Wednesday, November 30, 2011

Soundtrack to my life!

“We’re in This Together” by Nine Inch Nails
Nine Inch Nails is my favourite band in the history of life. Trent Reznor, the singer, gives me solace no matter how terrible I feel. This song in particular is special because it was the reason my fiancé and I started talking; if it had not been for this song, I may have never actually bonded with him.
“Ein Lied” by Rammstein
This is one of the softer of their pieces and, by far, my favourite. The background music is haunting and the lyrics, about a song that is played for those who love music when they need it, are beautiful. I listen to it when I need a pick-me-up or to sleep; it works for almost all occasions.
“Another Year” by Amanda Palmer
Amanda Palmer is one of my female idols; she brazen, loud, and brilliant. This song is particular talks about waiting another year to do what you want to and being left behind. I love this song because whenever I feel like putting anything off, I think of this song and try to force myself forward.
“Suavemente” Elvis Crespo
This song is super Puerto Rican and I love it. I heard it all the time as a kid and, somehow, at every family function. Whenever I hear it, I think of my family, Miami (my old hometown), and my heritage, which I sometimes feel like can get lost on this campus.
“Talk to Strangers” by Saul Williams
            This is one of the most poetic, intellectual, inspirational songs I have ever heard. It speaks to me on multiple levels and really helps me out a lot on this campus.

Monday, November 21, 2011

Zombie Paper

·         Steinblatt, J. (2011). The Evolution of the Zombie in Film. Macaulay Honors College Academic Journal, 1(1), pg. 45. Retrieved from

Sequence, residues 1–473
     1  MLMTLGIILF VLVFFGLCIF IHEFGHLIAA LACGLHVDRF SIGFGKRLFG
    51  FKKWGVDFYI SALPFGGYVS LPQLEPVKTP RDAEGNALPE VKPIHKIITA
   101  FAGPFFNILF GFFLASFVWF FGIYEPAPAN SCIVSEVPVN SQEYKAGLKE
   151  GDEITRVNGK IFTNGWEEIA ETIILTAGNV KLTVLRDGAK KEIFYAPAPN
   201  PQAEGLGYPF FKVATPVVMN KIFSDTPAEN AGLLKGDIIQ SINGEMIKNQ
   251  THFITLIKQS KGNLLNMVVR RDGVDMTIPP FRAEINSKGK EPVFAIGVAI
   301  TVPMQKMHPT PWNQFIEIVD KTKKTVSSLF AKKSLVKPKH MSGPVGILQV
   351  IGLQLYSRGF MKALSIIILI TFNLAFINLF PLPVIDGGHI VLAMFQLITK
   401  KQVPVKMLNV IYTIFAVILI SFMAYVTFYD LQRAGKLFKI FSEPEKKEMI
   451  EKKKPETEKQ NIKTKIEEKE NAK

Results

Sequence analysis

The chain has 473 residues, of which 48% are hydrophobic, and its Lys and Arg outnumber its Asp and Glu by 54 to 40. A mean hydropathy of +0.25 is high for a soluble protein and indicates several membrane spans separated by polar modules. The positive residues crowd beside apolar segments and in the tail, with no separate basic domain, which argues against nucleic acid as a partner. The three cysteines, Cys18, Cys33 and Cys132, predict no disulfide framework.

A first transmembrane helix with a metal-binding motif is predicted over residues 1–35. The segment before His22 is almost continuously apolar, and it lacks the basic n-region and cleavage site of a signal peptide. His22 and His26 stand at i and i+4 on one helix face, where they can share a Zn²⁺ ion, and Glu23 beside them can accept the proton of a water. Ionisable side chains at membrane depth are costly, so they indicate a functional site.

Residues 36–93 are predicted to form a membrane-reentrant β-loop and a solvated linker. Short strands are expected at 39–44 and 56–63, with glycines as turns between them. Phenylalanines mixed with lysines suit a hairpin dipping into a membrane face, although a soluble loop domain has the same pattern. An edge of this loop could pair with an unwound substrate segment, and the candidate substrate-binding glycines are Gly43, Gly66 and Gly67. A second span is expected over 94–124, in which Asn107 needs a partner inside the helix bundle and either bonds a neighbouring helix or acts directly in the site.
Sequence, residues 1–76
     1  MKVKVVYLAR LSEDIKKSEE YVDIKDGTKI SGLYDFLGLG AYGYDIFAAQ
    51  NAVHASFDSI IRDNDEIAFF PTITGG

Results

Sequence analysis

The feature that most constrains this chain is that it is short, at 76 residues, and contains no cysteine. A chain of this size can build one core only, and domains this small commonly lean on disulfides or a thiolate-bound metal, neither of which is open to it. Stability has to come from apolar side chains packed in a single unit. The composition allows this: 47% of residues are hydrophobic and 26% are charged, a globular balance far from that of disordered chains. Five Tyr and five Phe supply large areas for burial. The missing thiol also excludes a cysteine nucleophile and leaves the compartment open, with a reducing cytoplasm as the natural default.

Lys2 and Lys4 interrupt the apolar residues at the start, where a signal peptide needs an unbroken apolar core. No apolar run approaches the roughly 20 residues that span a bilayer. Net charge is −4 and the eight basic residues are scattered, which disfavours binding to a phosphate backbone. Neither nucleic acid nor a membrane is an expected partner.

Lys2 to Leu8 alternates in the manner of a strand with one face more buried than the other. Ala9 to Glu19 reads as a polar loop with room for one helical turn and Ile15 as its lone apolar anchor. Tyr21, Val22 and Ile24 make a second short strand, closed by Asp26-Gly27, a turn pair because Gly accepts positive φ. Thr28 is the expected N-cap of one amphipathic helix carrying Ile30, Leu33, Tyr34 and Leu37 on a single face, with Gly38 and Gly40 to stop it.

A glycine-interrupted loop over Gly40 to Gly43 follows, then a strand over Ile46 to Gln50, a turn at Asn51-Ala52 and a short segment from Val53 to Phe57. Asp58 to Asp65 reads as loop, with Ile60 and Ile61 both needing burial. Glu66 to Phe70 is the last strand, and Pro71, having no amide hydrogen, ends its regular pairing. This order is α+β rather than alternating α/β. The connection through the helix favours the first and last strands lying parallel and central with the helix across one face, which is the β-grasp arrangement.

“Murder Legendre, creates the zombies in a similar fashion to the witch doctors of Haiti. He poisons his victim, steals their body, and uses voodoo sorcery to reanimate them into zombies under his exclusive control. Legendre mentions that he keeps the zombies' souls…”

This is talking about White Zombie, which is regarded as the first zombie movie in American history. Therefore, it speaks to the origins of the zombie in film, as we know it today. However, it also shows the huge disparity between the White Zombie slave women zombies and the modern zombies we think about today, of the 28 Days Later or Dawn of the Dead era.

Bishop, K (2006). Raising the dead: unearthing the nonliterary origins of zombie cinema. Journal of Popular Film and Television 33.4 (Wntr 2006): 196(10). Retrieved from

“The true villain in White Zombie is Bela Lugosi's mad bokor Murder Legendre, not the pitiful zombies themselves.”

This sources helps show the shift in emotional reaction to watching a zombie film. In comparison to White Zombie, the empathy the viewer experiences is completely different than modern movies.  While now we root for the humans for go around murdering these zombies, in the past, the zombies are the actual victims and the viewer often feels sympathy for them instead.

Thursday, November 17, 2011

“The Avoidable Death of Rebecca Riley”

In this chapter, Ronson explains how many diagnoses made the DSM could be inaccurate. Tired of psychoanalyst, David Rosenhan got a few of his friends to go to mental institutions and be labeled insane for hearing voices, although they were sane. Rosenhan then declared that they were all faking and shook the industry to its core.  Robert Spritzer, editor of the DSM-III, reinvented the diagnoses of mental illness as we know it. He began to categorize mental illness in a completely different way, making checklists for all mental illness. However, the DSM-III was bought more by the average citizen than actual psychiatrists had and the era of over-diagnosing began. There has been an extreme uprising is the diagnoses of autism, attention deficit, and childhood bipolar. Ronson then speaks to Bryna Hebert, who truly believes both of her kids are bipolar, and David Shaffer, who believes it does not exist and they kids actually ADD. Finally, Ronson depicts the story of possible misdiagnosed four-year-old Rebecca Riley, who overdosed on her bipolar medication of 10 pills a day.